Friday, August 29, 2014

Open Access Monograph Series: Fieldiana Anthropology

Fieldiana Anthropology: A Collection of Digitized Books
Publications from the Chicago Field Museum's Fieldiana Anthropology series, digitized with permission of the Museum. The collection is a subset of the University of Illinois Digitized Books Collection.
Listed below are those titles relating to antiquity (old world):
Japanese temples and houses / Fieldiana, Popular Series, Anthropology, no. 14 External Link 
Gunsaulus, Helen Cowen, 1886-1954.

Report on the excavation of the "A" cemetery at Kish, Mesopotamia. Part I / Fieldiana Anthropology M External Link 
Mackay, Ernest John Henry, 1880-1943.

Three Etruscan painted sarcophagi / Fieldiana, Anthropology, v. 6, no.4 External Link

Tarbell, Frank Bigelow, 1853-1920.

Catalogue of bronzes, etc., in Field Museum of Natural History: reproduced from originals in the Nat External Link 
Tarbell, Frank Bigelow, 1853-1920.
Dorsey, George Amos, 1868-1931 [editor] Curator of [Anthropology] Dept. at Field Museum of Natural History

The giraffe in history and art / Fieldiana, Popular Series, Anthropology, no. 27 External Link 
Laufer, Berthold, 1874-1934.

Chinese clay figures. Part I. Prolegomena on the history of defensive armor / Fieldiana, Anthropolog External Link 
Laufer, Berthold, 1874-1934.
Moodie, Roy Lee, 1880-1934.
Laufer, Berthold, 1874-1934, ed. Curator of Anthropology

Sino-Iranica; Chinese contributions to the history of civilization in ancient Iran, with special ref External Link 
Laufer, Berthold, 1874-1934.

Catalogue of Chinese rubbings from Field Museum / Fieldiana, Anthropology, new series, no.3 External Link 
Walravens, Hartmut, 1944-
Tchen, Hoshien
Starr, M. Kenneth
Schneider, Alice K.
Newton, Herta

The Field Museum-Oxford University expedition to Kish, Mesopotamia, 1923-1929 / Fieldiana, Popular S External Link 
Field, Henry, 1902-

Old Akkadian inscriptions in Chicago Natural History Museum; texts of legal and business interest /  External Link 
Gelb, Ignace Jay, 1907-1985
Martin, Paul S. (Paul Sidney), 1899-1974. editor Chief Curator, Department of Anthropology
Ross, Lillian A. editor Associate Editor, Scientific Publications

A Sumerian Palace and the "A" cemetery at Kish, Mesopotamia. Part II. / Fieldiana Anthropology Memoi External Link 
Mackay, Ernest John Henry, 1880-1943.
Langdon, Stephen, 1876-1937, contributor, Professor of Assyriology, Jesus College, Oxford.
Laufer, Berthold, 1874-1934, ed. Curator of Anthropology

Ancient seals of the Near East / Fieldiana, Popular Series, Anthropology, no. 34 External Link 
Martin, Richard A. (Richard Arthur)

Ostrich egg-shell cups of Mesopotamia and the ostrich in ancient and modern times / Fieldiana, Popul External Link 
Laufer, Berthold, 1874-1934.

An annotated bibliography on the origin and descent of domestic mammals, 1900-1955 / Fieldiana, Anth External Link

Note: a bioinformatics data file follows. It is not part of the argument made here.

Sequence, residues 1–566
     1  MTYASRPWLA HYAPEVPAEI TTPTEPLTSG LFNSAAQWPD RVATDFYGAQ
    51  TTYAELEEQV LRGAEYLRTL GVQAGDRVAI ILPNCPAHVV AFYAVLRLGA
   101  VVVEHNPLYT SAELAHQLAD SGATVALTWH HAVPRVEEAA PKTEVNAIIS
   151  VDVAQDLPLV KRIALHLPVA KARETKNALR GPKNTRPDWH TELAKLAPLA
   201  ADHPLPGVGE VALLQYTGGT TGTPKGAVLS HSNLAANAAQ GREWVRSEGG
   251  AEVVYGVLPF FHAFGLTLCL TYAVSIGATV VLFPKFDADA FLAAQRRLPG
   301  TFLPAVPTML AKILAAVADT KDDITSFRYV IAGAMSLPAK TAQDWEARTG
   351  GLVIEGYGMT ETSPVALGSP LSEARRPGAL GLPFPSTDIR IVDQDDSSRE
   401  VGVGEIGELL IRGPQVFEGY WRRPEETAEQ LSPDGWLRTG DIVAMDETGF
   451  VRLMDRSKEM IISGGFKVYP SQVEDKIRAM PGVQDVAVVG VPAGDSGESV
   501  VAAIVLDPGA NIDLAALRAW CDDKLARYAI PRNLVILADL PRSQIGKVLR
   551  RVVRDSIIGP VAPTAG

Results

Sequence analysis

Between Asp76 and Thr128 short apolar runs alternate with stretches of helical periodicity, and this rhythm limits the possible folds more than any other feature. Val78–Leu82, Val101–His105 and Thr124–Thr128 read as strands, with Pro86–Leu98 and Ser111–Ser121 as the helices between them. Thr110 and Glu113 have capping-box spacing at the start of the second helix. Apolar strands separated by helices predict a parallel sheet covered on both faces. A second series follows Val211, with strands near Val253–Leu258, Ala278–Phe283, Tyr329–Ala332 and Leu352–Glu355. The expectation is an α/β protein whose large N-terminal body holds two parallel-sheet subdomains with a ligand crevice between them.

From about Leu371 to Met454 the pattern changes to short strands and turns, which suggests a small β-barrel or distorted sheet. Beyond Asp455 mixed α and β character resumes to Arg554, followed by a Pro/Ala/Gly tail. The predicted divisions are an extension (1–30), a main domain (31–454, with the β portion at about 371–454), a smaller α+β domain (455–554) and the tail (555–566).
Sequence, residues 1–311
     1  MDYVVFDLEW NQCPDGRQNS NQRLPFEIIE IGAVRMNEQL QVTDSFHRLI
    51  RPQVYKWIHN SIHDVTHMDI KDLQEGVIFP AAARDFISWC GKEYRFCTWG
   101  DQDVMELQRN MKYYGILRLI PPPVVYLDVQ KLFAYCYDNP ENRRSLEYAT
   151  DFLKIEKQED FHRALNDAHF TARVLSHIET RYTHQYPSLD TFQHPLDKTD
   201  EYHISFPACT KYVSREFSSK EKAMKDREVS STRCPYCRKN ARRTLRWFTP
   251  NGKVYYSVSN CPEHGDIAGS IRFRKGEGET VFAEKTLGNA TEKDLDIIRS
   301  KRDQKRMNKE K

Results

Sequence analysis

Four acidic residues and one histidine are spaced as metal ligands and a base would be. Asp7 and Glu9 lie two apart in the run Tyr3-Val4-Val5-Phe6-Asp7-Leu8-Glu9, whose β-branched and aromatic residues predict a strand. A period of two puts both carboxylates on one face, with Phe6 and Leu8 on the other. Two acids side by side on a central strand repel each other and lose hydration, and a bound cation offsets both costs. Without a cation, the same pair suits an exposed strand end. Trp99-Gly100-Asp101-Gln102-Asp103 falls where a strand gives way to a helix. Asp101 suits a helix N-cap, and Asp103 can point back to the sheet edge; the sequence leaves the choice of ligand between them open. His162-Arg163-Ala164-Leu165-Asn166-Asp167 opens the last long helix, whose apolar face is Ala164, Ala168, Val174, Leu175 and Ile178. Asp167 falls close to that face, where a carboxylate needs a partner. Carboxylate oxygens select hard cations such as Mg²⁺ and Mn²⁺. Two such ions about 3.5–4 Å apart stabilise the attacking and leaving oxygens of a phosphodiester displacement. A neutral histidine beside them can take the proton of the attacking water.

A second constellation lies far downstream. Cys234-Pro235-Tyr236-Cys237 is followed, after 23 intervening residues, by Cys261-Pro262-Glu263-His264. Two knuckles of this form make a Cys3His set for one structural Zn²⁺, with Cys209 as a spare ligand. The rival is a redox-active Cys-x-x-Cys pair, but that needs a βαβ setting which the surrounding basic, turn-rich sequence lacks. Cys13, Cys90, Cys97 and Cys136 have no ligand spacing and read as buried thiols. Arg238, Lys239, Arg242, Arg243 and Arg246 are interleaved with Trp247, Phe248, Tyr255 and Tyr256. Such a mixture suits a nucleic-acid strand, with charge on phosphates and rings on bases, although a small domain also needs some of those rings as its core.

Angress, Shimon, 1924-1958.
Reed, Charles A. Peabody Museum of Natural History, Yale University
Ross, Lillian A. editor 

Jade: a study in Chinese archaeology and religion / Fieldiana, Anthropology, v. 10 External Link 
Laufer, Berthold, 1874-1934. 

Egyptian stelae in Field Museum of Natural History / Fieldiana, Anthropology, v. 24, no.1 External LinkAllen, Thomas George, b. 1885
Martin, Paul S. (Paul Sidney), 1899-1974. editor
Report on excavations at Jemdet Nasr, Iraq / Fieldiana, Anthropology Memoirs, Vol. 1, No. 3 External Link 
Mackay, Ernest John Henry, 1880-1943.
Langdon, Stephen, 1876-1937, contributor, Professor of Assyriology, Jesus College, Oxford.
Laufer, Berthold, 1874-1934, ed. Curator of Anthropology

Notes on turquois in the East / Fieldiana, Anthropology, v. 13, no.1 External Link 
Laufer, Berthold, 1874-1934.

Ivory in China / Fieldiana, Popular Series, Anthropology, no. 21 External Link 
Laufer, Berthold, 1874-1934.

Mummies / Fieldiana, Popular Series, Anthropology, no. 36 External Link 
Martin, Richard A. (Richard Arthur)

Thursday, August 28, 2014

Dissertation: The Religious Iconography of Cappadocian Glyptic in the Assyrian Colony Period and its Significance in the Hittite New Kingdom

Grace White dissertation now available online
August 28, 2014
The dissertation of Grace White entitled The Religious Iconography of Cappadocian Glyptic in the Assyrian Colony Period and its Significance in the Hittite New Kingdom is now available online through the Dissertations page of the Research Archives. The study was completed in December 1993 for the Department of Near Eastern Languages and Civilizations at the University of Chicago. The purpose of White's study "is to analyze the themes and motifs on native Anatolian seal impressions representative of the Cappadocian glyptic of the Assyrian Colony period. The analysis is made from many points of view and on many levels. The local glyptic is studied in the context of other glyptic styles, such as Old Babylonian, Old Assyrian, Middle Assyrian, and Mitannian. A precise identification of objects utilized on the local Anatolian glyptic is attempted, using textual evidence and giving archaeological parallels for pottery types, etc."
Seal drawing by Grace White, plate 13
 And see

The Trendall Research Centre for Ancient Mediterranean Studies Extensible Database

The Trendall Research Centre for Ancient Mediterranean Studies
The Trendall Research Centre databases are intended for anyone interested in researching the art of the ancient world.
The contents of the databases are subject to copyright. In many cases the Trendall Research Centre does not hold the copyright on images and other content. You must not reproduce these without permission from the copyright owners (often the museums in which objects are held). Images are protected by watermarks. For further information including commercial requests please contact We regret that we are not normally able to grant permission to publish or reproduce images on the databases.
You may continue to search the Trendall Research Centre databases without logging in or if you want to preserve your Photograph Album for future sessions you may register and login to your account.